Amid the economic distress emanating from the United States and Europe, no statistic better captures the broader dynamics of the world economy than the recent World Bank announcement that the first Millennium Development Goal (MDG) to cut extreme poverty by half was met globally in 2010. This was fully five years before the 2015 deadline.
The United Nations also recently declared that the MDG governing access to drinking water has already been achieved. While many of the world’s most prosperous nations are clearly struggling, many of the world’s formerly struggling nations are clearly prospering. Asia has played the driving role in catapulting humanity to these overall anti-poverty successes, but the latest figures show poverty on the decline in every region, including sub-Saharan Africa.
Access to education has been improving dramatically too, as have metrics of health and child survival, even if faster progress is still needed to fully meet the corresponding goals by 2015. The MDGs have played a crucial role in advancing many of these global anti-poverty breakthroughs since they were established as targets in 2000. They have shown a remarkably robust political resonance despite an increasingly strained climate for international cooperation. And they have motivated countless people across government, business, academia and civil society to augment their efforts, spawn new innovations and forge creative new partnerships.
But the global landscape has changed dramatically over the past decade and the goals mark only a midpoint in the challenge of extreme poverty. It is time to start thinking about what to do after 2015. This topic will be at the top of the global policy agenda when the UN convenes its Rio+20 conference next month in Brazil. The event aims to launch a new global vision for sustainability, one that accounts for the emerging environmental, economic and social challenges taking shape around the world.
To that end, a proposal has been floated for new “sustainable development goals” to follow and build on the success of the MDGs. It will be tricky to turn this into tangible outcomes. Doing so will require an appreciation of the factors that have made the MDGs a success, including their deadline-driven focus, simplicity, measurability, ambition and emphasis on partnership.
Some colleagues and I, meeting under the auspices of the World Economic Forum’s Global Agenda Council on Benchmarking Progress, have recently written a paper on related issues. We recommend new goals be anchored in an overarching vision of “getting to zero” on extreme poverty everywhere by 2030.
UN Secretary-General Ban Ki-moon recently announced a high-level panel to tackle these questions over the coming year. He named three co-chairmen who will bring an important cross-section of perspectives: Indonesian President Susilo Bambang Yudhoyono leads a middle-income country facing some of the world’s most complex interplays of economic, environmental and social pressures; Liberian President and Nobel laureate Ellen Johnson Sirleaf, Africa’s first female head of state, is leading a low-income country’s efforts to escape poverty and surmount the legacy of a horrific civil war; Prime Minister David Cameron leads a deficit-strained United Kingdom that has long provided the most prominent MDG leadership among rich economies.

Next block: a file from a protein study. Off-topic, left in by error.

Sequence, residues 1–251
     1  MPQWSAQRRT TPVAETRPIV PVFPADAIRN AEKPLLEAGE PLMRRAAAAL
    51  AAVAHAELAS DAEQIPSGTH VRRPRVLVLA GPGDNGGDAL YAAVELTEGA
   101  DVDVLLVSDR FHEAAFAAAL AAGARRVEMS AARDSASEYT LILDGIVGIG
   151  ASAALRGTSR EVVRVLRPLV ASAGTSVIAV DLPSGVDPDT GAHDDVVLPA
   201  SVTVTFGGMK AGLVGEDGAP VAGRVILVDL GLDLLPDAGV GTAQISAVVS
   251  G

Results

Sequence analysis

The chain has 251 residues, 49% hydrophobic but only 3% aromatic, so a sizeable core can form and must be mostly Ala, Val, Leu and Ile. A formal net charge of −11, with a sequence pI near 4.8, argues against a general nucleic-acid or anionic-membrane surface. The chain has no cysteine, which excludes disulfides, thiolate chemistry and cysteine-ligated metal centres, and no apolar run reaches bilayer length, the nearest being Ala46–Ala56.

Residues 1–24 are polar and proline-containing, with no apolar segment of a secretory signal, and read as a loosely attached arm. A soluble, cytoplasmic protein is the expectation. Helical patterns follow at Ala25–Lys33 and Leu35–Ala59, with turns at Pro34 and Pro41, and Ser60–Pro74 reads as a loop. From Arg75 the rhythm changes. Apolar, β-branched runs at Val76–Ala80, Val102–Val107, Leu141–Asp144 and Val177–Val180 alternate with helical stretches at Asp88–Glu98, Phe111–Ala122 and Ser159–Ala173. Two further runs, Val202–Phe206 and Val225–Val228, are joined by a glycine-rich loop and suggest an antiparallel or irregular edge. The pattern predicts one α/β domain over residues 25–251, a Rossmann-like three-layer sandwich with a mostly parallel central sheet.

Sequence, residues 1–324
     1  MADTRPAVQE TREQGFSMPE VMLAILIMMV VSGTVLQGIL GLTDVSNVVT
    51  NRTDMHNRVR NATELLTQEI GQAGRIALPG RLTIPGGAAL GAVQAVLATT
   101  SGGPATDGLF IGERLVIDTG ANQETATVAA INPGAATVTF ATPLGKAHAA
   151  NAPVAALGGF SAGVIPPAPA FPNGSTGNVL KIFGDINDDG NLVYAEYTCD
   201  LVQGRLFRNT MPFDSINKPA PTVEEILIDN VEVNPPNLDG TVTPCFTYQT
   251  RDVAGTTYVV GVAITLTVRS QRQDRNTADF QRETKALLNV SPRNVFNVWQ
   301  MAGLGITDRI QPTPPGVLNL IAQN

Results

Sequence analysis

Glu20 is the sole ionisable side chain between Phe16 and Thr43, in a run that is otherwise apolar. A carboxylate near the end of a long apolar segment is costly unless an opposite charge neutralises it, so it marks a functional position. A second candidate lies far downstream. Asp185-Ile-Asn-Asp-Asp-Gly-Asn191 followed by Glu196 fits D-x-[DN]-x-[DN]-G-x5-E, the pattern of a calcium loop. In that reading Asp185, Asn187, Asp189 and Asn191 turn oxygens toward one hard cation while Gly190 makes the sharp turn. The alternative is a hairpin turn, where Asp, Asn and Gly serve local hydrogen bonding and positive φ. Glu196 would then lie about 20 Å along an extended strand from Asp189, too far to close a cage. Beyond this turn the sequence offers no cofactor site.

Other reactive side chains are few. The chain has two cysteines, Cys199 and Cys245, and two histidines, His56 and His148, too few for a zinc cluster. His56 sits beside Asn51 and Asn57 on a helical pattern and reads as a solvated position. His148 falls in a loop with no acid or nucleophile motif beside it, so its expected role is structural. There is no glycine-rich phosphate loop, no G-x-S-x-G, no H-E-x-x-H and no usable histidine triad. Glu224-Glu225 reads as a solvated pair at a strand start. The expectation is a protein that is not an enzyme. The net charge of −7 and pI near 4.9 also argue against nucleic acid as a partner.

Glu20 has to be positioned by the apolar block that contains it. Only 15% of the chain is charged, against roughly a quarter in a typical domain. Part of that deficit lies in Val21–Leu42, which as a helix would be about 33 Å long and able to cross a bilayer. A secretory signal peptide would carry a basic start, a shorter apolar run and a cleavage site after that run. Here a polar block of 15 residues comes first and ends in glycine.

In setting the post-2015 global agenda, Asian voices will have large and growing influence. One reason is realpolitik. A greater share of global income means a greater share of geopolitical voice. A second reason is soft power. When a country makes major progress it provides the influence of inspiration to others. A third factor is more subtle. Many of the fast growing Asian economies are straddling a temporary fence of both receiving and giving international support. They still have significant populations in poverty but also provide ever more skills and resources to promote progress in other countries. They are rejecting old “us” versus “them” paradigms of global development policy, replacing it with a more legitimately inclusive “we”.
Any new framework of goals must also recognise that the world increasingly does not wait on governments. We need goals for everyone who wants them. Why not encourage scientific communities, industry sectors and non-government organisations around the world to set their own respective targets in alignment with an overarching vision to sustainably end extreme poverty? Each can have their own piece of the puzzle.
A generation ago, more than two out of five people in the developing world lived on less than US$1.25 (38 baht) a day. Today the number is down to one in five, with Asia leading the way. Let’s have everyone help find a way to get it to zero everywhere by 2030.
Esther Care, an education expert at the Brookings Institution, calls the A-F grading system “nonsense.” “Grades are mere proxies for what we value. What we actually value is our children being prepared for the future,” she said. “We need to find ways in educational assessment to convey information about the degree to which they are ready to venture out and to deal constructively with the huge challenges posed by our 21st century.